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PCSO's appeal to public after spike in drug crime in town




A Bury St Edmunds PCSO is urging residents to be vigilant to drug crime after a large spike was recorded in the town over the last few months.

Jessica Cullen-McLeod, one of the town’s newly appointed PCSOs, gave the warning after nine drug offences were recorded in January across all wards, 18 in February, 21 in March and eight in April.

PCSO Cullen-McLeod told the annual town meeting, held at Bury St Edmunds Town Council, there could be a number of factors behind the increase, including detection, the reports police receive, the public coming forward and intercepting intelligence.

PCSO Jessica Cullen-McLeod.
PCSO Jessica Cullen-McLeod.

“It’s about having people come forward and giving us the right information we require,” she said. “Our aim is to make sure Bury and the surrounding areas are safe for everyone, (and deal with) anything that causes the public an issue or is a great concern.”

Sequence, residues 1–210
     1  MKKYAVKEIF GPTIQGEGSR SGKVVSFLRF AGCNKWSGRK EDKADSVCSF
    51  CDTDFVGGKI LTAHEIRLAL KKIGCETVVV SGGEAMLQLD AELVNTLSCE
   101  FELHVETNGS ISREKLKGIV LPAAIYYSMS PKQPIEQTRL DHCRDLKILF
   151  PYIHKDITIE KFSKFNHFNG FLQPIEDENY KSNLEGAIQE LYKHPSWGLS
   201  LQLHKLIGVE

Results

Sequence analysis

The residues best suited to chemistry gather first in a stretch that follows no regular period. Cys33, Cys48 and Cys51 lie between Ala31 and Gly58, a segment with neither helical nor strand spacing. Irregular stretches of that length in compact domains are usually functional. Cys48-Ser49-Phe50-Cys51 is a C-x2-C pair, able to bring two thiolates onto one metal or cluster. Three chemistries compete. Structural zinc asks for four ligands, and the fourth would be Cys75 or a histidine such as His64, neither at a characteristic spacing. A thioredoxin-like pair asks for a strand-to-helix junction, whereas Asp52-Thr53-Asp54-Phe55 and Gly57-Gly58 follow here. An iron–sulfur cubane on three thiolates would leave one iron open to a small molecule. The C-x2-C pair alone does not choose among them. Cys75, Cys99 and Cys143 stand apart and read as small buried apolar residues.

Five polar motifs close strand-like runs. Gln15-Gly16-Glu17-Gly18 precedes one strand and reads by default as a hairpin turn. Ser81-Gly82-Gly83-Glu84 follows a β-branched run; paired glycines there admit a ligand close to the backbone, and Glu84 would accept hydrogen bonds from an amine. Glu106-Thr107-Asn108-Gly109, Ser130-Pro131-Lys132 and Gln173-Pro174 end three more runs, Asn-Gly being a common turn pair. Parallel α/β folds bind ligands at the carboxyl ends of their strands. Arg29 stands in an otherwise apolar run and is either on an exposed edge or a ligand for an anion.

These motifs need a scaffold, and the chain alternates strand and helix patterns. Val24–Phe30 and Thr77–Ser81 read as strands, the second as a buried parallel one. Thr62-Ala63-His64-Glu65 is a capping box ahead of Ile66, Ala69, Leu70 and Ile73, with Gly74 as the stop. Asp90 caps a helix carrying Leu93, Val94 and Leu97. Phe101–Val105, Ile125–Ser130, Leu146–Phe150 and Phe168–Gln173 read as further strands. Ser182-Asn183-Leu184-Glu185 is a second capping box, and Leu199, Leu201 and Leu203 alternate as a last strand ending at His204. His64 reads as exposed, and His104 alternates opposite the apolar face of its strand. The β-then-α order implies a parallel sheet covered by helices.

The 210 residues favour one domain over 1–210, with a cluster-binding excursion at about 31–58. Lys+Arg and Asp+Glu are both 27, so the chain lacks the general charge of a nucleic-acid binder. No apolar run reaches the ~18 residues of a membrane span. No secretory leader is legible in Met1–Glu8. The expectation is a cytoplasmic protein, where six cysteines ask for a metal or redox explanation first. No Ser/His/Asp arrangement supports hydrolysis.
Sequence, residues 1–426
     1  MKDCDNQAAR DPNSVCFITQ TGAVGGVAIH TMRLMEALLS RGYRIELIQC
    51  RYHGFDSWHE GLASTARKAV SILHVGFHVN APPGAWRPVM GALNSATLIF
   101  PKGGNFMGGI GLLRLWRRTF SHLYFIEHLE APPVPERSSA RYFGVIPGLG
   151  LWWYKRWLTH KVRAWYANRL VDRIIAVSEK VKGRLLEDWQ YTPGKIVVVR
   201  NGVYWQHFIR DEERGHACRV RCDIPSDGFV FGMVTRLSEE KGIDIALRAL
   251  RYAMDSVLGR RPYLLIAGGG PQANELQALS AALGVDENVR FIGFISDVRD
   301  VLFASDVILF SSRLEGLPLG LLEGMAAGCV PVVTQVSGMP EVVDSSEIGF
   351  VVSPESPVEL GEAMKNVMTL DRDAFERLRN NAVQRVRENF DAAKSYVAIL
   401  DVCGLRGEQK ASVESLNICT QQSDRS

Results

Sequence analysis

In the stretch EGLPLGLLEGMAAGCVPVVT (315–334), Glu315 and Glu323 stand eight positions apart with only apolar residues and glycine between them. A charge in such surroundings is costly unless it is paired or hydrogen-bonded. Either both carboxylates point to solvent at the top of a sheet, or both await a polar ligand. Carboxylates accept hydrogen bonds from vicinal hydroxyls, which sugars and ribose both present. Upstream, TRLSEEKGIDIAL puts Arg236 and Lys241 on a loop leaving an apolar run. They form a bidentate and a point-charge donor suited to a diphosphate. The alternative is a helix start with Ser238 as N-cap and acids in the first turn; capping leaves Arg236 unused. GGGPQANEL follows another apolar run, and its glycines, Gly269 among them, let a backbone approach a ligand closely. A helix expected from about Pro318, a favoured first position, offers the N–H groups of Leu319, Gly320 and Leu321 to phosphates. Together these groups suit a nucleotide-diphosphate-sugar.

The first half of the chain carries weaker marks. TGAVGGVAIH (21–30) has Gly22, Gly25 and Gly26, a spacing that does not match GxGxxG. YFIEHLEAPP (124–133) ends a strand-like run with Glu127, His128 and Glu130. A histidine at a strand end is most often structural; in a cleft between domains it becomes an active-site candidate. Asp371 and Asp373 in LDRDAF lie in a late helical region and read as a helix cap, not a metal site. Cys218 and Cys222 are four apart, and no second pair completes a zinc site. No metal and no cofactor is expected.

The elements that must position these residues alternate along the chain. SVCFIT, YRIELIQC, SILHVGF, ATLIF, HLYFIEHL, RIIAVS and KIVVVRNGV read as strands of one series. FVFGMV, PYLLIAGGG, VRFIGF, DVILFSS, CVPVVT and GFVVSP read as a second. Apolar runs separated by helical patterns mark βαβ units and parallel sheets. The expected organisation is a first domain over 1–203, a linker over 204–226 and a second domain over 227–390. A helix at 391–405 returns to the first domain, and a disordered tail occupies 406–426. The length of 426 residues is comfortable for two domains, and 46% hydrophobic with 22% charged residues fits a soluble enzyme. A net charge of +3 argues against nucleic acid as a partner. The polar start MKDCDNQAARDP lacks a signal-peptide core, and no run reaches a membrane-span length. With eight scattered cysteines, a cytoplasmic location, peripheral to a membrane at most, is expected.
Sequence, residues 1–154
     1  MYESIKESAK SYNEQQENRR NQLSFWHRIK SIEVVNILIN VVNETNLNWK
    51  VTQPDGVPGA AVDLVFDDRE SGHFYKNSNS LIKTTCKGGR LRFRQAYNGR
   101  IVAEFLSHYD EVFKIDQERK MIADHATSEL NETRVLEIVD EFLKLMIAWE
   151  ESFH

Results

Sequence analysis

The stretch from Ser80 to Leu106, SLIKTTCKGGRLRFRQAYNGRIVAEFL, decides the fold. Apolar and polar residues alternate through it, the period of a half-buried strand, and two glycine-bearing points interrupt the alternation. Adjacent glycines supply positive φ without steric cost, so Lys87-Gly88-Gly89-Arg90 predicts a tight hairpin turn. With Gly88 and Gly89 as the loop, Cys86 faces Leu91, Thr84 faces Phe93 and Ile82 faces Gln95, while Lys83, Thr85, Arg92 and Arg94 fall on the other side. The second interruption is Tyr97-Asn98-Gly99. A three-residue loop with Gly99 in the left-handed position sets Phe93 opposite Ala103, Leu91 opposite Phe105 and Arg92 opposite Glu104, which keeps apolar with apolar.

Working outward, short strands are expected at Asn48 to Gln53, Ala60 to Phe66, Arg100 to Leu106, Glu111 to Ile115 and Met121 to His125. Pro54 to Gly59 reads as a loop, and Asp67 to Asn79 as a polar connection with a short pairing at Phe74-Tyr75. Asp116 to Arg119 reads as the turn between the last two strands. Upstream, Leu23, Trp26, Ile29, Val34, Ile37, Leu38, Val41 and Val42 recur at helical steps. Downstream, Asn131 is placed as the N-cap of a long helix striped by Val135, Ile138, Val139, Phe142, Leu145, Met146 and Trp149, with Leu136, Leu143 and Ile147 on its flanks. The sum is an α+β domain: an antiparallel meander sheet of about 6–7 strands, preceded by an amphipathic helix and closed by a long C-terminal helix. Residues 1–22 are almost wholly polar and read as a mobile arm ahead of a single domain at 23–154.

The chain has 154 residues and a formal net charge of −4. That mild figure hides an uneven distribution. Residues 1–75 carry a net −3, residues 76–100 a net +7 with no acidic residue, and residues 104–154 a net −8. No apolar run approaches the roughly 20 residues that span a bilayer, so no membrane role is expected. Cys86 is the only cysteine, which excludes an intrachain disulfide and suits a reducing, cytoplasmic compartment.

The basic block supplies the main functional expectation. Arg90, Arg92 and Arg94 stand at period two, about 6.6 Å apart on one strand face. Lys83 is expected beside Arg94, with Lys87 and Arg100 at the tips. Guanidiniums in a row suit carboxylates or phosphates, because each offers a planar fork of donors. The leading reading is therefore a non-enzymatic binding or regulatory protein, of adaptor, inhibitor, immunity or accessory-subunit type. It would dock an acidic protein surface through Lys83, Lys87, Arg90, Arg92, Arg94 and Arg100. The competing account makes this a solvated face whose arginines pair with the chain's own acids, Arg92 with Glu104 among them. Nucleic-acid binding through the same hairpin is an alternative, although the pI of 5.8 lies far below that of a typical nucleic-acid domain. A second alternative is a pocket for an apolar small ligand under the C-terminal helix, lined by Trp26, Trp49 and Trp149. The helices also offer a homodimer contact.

PSCO Cullen-McLeod took up the role, which is fully funded by Bury St Edmunds Town Council, in March along with ex-police constable Mark Ellis.

At last week’s meeting, PCSO Cullen-McLeod said: “Reports can come from yourselves –people may not see that we’re doing anything but we are.”

With an increase in the problem of county lines, where large drug gangs from bigger cities expand their operations to smaller towns or villages, PCSO Cullen-McLeod said drug crime was still prevalent.

She said: “If people have got concerns about specific areas, people’s houses, comings and goings, we welcome people coming forward. Unless we intercept it and see it, it is best for people to tell us. This can obviously be done anonymously if people are worried about that.

“We do a lot of research behind the scenes. Just because the figures are low, we’ll still be continuing. It’s always ongoing, and the statistics obviously reflect this.”

Statistics from May have not yet been released.

Incidents of PVP or Protecting Vulnerable People were also notably high in the town. This is protecting people who have mental health issues, are homeless or anyone who needs to be referred for extra support.

In January 61 reports of PVP were recorded across all of the wards, with 45 in February, 53 in March and 59 in April.



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